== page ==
After learning about eSight, I went to Boston to watch individuals experience these electronic glasses for the first time. One gentleman, whose vision had been declining rapidly for the past decade, walked into the eSight Experience room holding onto a friend’s elbow. After wearing eSight for just a few minutes, he started working with the controls on the device and said “there’s a window in this room.” I was amazed as he asked to get closer to the window. I offered my arm but he quickly declined, saying, “I would like to take myself there.” Then, using eSight, he independently maneuvered through a conference room packed with furniture and people. He stood in front of the window for a few minutes and then said, “May I describe the Boston skyline to you?” The hair on my body stood at attention as he described what he could see. At that moment, I knew that we had made an incredible leap in supporting the dreams of those living with vision loss.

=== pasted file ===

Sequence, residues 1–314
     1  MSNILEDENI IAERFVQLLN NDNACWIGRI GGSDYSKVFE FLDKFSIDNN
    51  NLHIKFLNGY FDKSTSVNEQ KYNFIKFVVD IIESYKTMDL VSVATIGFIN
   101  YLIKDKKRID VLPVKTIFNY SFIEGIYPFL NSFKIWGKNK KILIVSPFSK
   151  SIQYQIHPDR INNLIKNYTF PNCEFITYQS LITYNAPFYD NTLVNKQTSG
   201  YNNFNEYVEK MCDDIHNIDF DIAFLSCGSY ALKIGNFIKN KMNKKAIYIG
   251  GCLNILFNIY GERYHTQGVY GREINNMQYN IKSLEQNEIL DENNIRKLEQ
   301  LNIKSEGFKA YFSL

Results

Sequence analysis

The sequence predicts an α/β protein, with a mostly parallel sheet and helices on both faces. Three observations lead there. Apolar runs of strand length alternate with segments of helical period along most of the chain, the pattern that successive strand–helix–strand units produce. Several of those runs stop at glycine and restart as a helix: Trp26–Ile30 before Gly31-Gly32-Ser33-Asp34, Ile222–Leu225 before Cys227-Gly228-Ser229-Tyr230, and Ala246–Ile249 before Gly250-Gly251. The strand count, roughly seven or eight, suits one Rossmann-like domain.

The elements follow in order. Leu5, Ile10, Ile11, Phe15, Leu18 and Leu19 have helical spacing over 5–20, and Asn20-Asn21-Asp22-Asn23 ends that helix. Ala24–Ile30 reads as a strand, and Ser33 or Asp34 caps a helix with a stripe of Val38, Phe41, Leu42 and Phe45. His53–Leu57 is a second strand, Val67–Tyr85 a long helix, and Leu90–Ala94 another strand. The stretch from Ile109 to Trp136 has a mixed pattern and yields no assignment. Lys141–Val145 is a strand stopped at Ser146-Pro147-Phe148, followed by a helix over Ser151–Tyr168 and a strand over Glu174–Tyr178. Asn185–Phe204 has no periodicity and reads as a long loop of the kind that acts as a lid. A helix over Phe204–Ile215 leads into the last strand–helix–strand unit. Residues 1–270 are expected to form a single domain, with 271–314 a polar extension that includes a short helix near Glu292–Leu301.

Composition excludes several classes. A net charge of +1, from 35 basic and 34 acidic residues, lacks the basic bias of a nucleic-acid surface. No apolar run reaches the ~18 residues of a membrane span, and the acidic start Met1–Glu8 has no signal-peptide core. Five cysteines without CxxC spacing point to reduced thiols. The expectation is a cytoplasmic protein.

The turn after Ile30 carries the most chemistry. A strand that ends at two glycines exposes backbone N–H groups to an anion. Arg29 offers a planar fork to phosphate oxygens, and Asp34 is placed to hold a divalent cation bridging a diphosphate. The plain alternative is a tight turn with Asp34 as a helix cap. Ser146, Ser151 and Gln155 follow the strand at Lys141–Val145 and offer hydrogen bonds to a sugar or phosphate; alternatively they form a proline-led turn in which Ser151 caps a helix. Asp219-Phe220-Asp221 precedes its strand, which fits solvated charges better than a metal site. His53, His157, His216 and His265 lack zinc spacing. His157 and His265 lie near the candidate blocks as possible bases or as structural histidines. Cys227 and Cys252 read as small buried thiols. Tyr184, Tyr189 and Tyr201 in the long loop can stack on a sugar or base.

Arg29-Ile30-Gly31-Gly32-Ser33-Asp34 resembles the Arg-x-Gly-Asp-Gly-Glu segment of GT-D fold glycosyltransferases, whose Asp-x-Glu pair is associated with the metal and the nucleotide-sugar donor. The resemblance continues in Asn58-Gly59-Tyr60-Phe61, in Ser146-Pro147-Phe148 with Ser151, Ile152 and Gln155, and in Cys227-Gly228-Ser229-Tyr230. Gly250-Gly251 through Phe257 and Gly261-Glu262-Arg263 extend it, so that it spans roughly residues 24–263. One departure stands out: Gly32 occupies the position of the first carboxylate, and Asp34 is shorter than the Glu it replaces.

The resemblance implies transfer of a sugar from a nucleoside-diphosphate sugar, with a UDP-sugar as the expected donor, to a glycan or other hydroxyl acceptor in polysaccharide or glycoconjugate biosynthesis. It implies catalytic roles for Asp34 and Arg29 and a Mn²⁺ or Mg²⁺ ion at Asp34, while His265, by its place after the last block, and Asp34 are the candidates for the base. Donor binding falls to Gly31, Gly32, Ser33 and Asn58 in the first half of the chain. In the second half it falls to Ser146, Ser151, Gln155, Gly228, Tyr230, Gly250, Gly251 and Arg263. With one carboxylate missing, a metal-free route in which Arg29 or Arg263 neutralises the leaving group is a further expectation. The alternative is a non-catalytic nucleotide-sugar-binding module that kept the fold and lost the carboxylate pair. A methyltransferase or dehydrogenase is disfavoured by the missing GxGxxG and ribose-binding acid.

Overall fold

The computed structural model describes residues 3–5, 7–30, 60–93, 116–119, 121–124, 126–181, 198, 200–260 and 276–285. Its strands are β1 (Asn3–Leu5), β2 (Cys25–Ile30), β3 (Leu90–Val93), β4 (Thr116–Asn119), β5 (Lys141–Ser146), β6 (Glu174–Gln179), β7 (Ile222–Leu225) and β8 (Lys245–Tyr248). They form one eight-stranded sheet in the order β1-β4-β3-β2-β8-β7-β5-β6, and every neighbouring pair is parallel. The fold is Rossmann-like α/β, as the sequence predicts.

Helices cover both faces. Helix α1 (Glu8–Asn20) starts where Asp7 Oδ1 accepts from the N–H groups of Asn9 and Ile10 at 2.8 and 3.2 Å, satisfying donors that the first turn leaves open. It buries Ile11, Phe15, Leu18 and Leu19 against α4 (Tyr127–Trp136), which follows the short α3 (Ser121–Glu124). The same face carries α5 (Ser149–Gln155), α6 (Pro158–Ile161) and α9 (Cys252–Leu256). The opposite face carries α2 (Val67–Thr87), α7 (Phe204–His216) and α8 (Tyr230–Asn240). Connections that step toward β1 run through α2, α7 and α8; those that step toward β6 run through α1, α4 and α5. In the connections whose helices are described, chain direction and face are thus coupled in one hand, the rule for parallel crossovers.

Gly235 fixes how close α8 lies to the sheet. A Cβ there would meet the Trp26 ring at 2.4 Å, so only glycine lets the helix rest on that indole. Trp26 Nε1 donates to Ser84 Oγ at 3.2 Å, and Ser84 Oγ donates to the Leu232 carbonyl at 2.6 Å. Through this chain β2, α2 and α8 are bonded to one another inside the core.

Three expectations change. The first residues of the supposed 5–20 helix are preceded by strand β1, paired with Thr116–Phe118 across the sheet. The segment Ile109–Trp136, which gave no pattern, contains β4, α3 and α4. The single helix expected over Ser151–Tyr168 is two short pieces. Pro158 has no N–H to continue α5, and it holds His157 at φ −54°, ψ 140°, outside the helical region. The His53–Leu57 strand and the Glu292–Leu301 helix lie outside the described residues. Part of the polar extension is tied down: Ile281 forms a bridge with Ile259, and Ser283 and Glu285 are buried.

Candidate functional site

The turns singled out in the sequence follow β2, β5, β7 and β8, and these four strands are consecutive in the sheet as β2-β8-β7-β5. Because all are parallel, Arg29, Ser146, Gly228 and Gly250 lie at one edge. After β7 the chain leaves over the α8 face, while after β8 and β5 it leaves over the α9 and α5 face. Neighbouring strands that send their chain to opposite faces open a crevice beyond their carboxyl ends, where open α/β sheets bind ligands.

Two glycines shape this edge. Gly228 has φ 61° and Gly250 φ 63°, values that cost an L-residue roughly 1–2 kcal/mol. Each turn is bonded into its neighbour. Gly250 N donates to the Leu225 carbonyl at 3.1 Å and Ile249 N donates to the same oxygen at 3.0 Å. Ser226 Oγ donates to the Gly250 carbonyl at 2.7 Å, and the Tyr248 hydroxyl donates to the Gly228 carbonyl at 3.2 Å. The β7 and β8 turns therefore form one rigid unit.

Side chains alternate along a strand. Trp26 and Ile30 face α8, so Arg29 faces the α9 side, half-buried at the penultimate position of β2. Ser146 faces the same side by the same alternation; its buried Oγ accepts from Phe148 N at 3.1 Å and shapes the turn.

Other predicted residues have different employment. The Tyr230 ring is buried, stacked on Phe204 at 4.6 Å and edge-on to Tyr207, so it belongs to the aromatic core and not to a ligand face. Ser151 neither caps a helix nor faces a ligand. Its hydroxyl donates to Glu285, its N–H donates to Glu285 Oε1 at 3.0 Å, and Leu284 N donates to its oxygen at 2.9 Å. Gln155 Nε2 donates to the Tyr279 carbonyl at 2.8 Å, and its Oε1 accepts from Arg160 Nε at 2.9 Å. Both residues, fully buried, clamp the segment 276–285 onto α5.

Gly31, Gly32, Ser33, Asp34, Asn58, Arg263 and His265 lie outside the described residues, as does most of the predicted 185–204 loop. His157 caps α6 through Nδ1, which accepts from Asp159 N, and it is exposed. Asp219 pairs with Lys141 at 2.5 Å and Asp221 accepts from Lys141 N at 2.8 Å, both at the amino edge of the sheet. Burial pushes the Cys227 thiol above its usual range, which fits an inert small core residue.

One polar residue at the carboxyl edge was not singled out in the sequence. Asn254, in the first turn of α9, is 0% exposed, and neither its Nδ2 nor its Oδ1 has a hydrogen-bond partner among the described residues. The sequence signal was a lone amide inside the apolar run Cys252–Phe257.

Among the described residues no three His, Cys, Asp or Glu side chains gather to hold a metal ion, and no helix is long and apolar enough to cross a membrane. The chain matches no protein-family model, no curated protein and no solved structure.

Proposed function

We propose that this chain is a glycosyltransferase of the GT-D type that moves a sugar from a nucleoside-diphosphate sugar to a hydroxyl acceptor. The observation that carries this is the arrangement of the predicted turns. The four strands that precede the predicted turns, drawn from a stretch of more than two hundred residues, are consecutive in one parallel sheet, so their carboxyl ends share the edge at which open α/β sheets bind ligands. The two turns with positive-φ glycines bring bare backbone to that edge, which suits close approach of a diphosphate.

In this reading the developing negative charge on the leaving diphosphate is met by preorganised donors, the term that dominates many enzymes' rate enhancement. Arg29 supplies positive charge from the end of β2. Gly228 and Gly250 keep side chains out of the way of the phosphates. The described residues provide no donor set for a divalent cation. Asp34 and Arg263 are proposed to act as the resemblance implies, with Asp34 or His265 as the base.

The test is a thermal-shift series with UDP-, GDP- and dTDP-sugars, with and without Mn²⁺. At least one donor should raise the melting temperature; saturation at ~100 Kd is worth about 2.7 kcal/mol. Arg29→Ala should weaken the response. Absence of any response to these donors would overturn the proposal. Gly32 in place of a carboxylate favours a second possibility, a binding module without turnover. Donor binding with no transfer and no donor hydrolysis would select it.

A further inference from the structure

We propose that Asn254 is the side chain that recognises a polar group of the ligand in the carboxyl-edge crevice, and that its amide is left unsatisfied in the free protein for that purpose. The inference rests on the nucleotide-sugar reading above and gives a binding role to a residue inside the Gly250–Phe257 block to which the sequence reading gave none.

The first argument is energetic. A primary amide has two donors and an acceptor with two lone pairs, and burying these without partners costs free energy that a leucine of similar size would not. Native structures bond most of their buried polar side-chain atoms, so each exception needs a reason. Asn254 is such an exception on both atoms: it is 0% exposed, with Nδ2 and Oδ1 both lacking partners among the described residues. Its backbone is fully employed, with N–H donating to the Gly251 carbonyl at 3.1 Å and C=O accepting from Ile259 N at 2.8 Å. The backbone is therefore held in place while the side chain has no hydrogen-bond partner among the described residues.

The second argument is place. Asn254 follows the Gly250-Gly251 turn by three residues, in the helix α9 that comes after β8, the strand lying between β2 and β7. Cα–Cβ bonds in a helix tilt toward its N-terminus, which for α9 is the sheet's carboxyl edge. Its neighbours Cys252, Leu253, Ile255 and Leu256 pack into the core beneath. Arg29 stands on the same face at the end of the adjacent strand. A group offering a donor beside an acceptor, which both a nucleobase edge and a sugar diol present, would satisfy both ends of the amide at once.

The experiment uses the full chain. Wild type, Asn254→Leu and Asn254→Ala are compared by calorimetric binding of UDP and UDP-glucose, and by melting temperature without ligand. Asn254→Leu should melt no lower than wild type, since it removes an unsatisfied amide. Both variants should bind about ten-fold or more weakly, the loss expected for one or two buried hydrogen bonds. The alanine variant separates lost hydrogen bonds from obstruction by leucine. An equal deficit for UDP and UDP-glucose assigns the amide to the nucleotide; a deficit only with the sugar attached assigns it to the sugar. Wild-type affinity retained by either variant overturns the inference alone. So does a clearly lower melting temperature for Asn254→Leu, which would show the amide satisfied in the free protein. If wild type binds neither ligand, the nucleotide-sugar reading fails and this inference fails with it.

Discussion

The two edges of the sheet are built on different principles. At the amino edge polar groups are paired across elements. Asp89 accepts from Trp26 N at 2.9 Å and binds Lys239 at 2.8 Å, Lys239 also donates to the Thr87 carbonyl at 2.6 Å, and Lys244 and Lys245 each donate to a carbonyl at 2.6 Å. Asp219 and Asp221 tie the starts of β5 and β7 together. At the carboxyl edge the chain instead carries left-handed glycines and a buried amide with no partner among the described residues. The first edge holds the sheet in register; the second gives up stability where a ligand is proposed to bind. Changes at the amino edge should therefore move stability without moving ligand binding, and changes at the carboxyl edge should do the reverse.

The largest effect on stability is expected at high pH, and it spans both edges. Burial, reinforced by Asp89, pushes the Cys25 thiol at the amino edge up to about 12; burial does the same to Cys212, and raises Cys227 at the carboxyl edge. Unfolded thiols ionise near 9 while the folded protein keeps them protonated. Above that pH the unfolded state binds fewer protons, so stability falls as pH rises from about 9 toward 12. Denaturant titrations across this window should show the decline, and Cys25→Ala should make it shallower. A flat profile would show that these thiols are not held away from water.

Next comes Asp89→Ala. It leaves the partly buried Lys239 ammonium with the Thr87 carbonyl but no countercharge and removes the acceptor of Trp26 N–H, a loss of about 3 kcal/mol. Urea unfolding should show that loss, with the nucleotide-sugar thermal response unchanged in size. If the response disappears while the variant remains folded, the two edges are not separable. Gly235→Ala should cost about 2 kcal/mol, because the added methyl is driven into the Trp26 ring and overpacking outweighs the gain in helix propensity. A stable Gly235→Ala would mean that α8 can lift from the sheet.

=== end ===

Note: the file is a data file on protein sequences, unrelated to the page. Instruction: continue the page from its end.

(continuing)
Will you help me get the word out to those who need this technology? Please tell those you know about http://www.makeblindnesshistory.com !
7 people commented on this discussion.
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Leaders,

I conducted a barracks inspection today. One of my Soldiers, not white, had a modified rebel flag hanging in his room. On it was an eagle and written "these colors don't run".
While common sense to some says this probably shouldn't be there, is there anything that specifically says yes or no. AR 600-15, para 2-4 says a commander can have certain flags and etc removed to maintain good order and discipline.
Who or what determines that this is a violation. What may be offensive to some may not be to others, religion, heritage, etc. Your thoughts?
532 people commented on this discussion.